Over at The Nation I have a new piece looking at surveys of public school teachers, one of which found job satisfaction at its lowest point since 1989. The most important thing to note is that polling shows teachers are not unhappy because they resent new accountability policies like the more stringent teacher evaluations instituted in response to President Obama's Race to the Top program. In fact, most teachers support using multiple measures of student learning to assess educators, and most believe it should take longer to earn tenure (an average of 5.4 years according to the Gates/Scholastic poll) than it currently does (an average of 3.1 years across all states).
Critics of tenure will say the system shouldn't exist at all. But it takes a long time to shift opinion within a profession, and the polls show teachers have already evolved significantly. What's more, huge policy changes on tenure are already underway. Since 2009, the majority of states passed legislation significantly weakening teachers' job security. In Colorado, for example, teachers will lose their seniority protections if they receive a bad performance evaluation two years in a row.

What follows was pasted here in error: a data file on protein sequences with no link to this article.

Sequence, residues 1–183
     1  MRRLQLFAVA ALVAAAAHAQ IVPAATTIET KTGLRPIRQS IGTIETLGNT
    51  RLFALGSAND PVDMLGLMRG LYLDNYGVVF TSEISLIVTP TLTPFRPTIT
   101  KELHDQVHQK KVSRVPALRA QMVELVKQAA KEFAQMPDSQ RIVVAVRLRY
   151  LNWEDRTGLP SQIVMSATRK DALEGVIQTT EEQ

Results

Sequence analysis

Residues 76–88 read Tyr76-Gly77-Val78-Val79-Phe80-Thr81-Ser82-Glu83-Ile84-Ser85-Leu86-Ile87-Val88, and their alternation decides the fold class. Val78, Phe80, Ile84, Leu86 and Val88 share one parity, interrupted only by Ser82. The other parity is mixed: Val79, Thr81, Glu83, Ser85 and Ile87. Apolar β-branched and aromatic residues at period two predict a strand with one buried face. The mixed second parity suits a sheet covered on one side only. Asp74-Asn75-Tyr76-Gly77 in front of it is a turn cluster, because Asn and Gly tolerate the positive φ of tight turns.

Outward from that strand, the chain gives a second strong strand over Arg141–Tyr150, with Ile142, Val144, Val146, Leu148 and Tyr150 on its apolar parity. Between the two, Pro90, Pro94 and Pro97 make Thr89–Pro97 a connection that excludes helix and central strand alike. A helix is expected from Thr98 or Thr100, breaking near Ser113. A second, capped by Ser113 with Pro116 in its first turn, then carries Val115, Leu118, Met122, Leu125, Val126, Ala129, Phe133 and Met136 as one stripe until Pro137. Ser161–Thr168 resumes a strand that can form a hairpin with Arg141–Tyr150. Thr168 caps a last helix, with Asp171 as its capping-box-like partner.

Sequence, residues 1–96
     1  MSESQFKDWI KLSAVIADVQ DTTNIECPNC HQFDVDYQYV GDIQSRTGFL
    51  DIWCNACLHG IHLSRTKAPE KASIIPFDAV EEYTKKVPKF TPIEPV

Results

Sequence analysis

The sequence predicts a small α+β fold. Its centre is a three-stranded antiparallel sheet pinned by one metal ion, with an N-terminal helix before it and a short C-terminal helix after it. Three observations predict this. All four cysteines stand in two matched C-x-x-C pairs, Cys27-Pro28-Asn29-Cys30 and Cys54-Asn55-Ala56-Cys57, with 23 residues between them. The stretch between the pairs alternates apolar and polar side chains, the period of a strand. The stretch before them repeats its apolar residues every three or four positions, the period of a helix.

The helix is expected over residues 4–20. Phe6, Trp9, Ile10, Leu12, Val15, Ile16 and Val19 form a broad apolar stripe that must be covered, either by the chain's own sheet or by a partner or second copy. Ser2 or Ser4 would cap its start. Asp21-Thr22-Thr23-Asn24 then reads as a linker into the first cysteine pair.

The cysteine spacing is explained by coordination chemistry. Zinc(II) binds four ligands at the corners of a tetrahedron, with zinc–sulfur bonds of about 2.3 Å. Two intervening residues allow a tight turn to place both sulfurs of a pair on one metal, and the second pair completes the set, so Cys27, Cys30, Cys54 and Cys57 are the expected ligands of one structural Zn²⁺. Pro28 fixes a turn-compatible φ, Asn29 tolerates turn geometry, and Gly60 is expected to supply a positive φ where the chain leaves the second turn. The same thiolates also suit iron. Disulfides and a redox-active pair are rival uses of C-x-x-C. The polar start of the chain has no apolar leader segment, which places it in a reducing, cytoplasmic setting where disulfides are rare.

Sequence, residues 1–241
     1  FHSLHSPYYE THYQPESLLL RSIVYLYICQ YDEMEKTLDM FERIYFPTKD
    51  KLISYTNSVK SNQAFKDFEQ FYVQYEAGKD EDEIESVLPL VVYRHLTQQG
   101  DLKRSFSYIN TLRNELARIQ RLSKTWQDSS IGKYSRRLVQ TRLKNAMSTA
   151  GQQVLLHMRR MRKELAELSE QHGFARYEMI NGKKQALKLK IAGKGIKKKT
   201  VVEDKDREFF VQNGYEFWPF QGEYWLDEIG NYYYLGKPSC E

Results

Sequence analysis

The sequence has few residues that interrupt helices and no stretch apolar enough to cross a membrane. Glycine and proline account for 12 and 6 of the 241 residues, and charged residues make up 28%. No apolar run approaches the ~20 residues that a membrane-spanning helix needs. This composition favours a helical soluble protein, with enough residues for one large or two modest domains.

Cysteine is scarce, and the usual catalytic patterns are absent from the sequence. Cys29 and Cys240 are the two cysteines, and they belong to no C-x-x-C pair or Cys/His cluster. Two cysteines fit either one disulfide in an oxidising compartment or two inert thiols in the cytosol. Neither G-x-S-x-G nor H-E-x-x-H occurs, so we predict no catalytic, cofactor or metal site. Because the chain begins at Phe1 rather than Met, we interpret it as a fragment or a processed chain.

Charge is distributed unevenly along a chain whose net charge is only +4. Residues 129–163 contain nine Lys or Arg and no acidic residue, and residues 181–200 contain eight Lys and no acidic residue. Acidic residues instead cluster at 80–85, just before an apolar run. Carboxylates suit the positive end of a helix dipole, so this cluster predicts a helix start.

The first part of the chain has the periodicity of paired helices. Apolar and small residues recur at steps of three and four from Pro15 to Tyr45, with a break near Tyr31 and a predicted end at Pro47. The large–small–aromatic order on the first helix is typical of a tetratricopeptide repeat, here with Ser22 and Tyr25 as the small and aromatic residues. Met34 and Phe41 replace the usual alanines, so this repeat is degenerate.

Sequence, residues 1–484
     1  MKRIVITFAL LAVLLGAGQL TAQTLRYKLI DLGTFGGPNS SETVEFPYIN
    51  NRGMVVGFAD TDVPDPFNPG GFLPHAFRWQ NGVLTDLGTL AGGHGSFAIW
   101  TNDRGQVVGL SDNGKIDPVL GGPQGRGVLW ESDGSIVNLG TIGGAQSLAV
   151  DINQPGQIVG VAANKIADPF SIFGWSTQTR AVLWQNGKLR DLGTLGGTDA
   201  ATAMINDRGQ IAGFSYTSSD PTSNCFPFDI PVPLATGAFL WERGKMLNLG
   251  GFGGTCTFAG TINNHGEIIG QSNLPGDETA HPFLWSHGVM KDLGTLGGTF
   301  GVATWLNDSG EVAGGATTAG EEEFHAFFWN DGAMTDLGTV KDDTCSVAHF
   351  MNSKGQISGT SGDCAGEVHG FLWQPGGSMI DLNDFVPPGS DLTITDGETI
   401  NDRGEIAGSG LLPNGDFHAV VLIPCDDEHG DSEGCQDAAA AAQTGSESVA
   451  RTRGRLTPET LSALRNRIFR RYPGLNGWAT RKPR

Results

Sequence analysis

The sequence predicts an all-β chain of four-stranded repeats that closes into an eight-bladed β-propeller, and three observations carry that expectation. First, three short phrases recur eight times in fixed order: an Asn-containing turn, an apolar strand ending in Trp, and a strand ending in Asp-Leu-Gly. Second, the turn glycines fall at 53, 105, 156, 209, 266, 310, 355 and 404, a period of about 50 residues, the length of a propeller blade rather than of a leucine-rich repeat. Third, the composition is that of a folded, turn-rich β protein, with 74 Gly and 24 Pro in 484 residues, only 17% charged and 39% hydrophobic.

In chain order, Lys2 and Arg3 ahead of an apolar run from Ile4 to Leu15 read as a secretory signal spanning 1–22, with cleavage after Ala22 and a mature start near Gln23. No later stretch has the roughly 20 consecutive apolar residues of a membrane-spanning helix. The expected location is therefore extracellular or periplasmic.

The big remaining question is how these new evaluations will work, and teachers are worried student standardized test scores will be weighed too heavily. School budget cuts are the other major reason teachers are unhappy, and that's where I focus the new column. I dive into the latest research on school finance and teacher turnover to show that–contrary to popular belief–money very much does matter in school reform.
The piece appeared in print so there are unfortunately no hyperlinks embedded, but here are some sources I mention:
- Bruce Baker's report "Does Money Matter in Education?"
- Information on Lobato v. Colorado, the case in which Judge Sheila Rappaport ruled her state's school funding scheme discriminates against poor children and low-income school districts
- New paper on "How teacher turnover harms student achievement"